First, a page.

Seems like the last two projects I’ve done have had kind of lackluster ends. I’ve been sitting on this “mostly complete” project for a while, and while I’m still unsatisfied about certain areas (i.e. there’s no music), if I don’t push it out the door pretty soon it’ll just sit and stagnate. So, here we go: Nonogram Madness.
(If anyone cares, let me know what you think in the comments. The puzzles kinda progress in difficulty, but they haven’t been balanced at all, and some of them are pretty bad. There, you’ve been warned.)
I own the GBA cartridge, you cretins, so I hold the moral high ground here. =] It was just getting too frustrating having to constantly refer to a translated script… you really miss a lot of the game, which is a shame when the most interesting thing about the Earthbound/Mother series is the writing.
The “in progress” title screen of Nonogram Madness. Yeah, I decided on a name.
A few months ago, my office got a large flatscreen TV (ostensibly for client presentations), as well as an Xbox 360 (for after hours). Well, the “after hours” thing hasn’t really held up, and my office-mates and myself usually go for a bit of gaming action during the lunch hour. Street Fighter 4 was our game du jour for a while, but Halo 3 has definitely held the top spot overall. There’s just nothing like a good ol’ first-person shooter deathmatch. A few weeks ago, the newest version of Halo was obtained for us as well: Halo 3 ODST. Originally supposed to be merely an expansion, ODST (stands for “Orbital Drop Shock Trooper”) evolved into its own standalone game. After getting the game, we first loaded up the multiplayer disc, which is required to play the traditional “shoot your friends-” style game. Unfortunately, everyone was pretty disappointed to find that ODST has no new multiplayer content; only three new maps differentiate it from its predecessor.
I knew that the bulk of new content in ODST was in the form of the campaign, and was able to get my friends to agree to play through in co-op mode. The campaign’s story centers around a group of ODSTs, who have been dropped into a war-torn South African city. After losing control of the drop pod, your character wakes up separated from his squad mates, in a city that is swarming with alien baddies. Your task is to try to find out what happened to your friends, and make it out of the city alive.
As your character explores the city, he comes across certain objects which trigger flashbacks that tell the story of his squad. For example, one of the first objects you come across is the helmet of an intelligence officer that dropped with you. The ensuing flashback, played from the point of view of another member of your team, ends with a cutscene showing how the helmet got there. You get closer and closer to your missing friends, and eventually reunite and complete your mission.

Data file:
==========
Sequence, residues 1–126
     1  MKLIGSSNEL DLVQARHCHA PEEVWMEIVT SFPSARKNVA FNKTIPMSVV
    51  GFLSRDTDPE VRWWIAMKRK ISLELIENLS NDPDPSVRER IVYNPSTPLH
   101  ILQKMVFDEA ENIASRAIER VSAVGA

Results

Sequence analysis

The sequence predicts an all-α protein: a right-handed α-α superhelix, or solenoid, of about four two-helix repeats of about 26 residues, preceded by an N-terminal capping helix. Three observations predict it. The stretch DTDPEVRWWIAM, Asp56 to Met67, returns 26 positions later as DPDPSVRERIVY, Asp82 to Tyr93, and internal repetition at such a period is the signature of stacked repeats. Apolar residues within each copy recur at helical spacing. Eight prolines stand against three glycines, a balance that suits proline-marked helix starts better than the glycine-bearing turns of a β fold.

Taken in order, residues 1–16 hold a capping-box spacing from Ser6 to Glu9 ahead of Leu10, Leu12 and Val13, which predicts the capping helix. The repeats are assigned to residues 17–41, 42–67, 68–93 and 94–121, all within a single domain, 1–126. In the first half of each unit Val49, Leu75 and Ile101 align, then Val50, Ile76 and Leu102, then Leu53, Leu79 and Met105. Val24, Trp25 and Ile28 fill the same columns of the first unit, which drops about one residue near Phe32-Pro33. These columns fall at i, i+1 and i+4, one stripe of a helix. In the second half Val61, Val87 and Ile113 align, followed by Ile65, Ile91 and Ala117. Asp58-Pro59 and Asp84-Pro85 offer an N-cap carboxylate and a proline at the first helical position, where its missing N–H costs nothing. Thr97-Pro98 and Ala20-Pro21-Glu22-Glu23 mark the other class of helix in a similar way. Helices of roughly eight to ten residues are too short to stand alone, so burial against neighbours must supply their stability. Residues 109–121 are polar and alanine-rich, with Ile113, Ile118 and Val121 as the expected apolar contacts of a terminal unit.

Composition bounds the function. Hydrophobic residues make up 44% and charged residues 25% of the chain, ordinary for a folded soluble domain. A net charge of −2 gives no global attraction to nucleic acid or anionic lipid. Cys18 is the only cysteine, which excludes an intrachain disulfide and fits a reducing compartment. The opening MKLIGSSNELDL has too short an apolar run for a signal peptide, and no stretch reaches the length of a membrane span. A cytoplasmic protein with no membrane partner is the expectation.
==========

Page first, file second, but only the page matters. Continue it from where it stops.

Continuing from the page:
ODST doesn’t add a whole lot in terms of game mechanics or weapons. Your character can throw grenades farther, and his default machine gun and sidearm are silenced now, but all the stuff you’ve grown to love about Halo 3 is mostly intact. In fact, that statement right there is a pretty good indicator regarding whether or not you’ll like this sequel. If you want to fight Covenant aliens in a new, more urban environment, and learn a bit more about the Halo universe, then you’ll like ODST. If you’re looking for new weapons or a different multiplayer experience, your money would probably be better spent elsewhere.
I personally enjoyed playing through the game, even though I skipped a lot of the extra story content. While the plot doesn’t expound a whole lot into the over Halo story arc, I was definitely wanted to keep playing in order to find out what happened to your character’s friends. The levels are all very detailed and well-crafted; you really feel like you’re totally alone, exploring an abandoned city. The ending was a bit lackluster, but I can forgive that due to the fact that the overall play experience was so good. My next step: play through Halo 3 proper.
Admittedly, nonograms aren’t for everyone. I enjoy them, however, because they’re simple logic puzzles that have a visual component… they’re more interesting to me than the straight-up numbers of sudoku. When I explained the concept to Chandra, she seemed interested! It’s my goal to make something that she’ll play through =]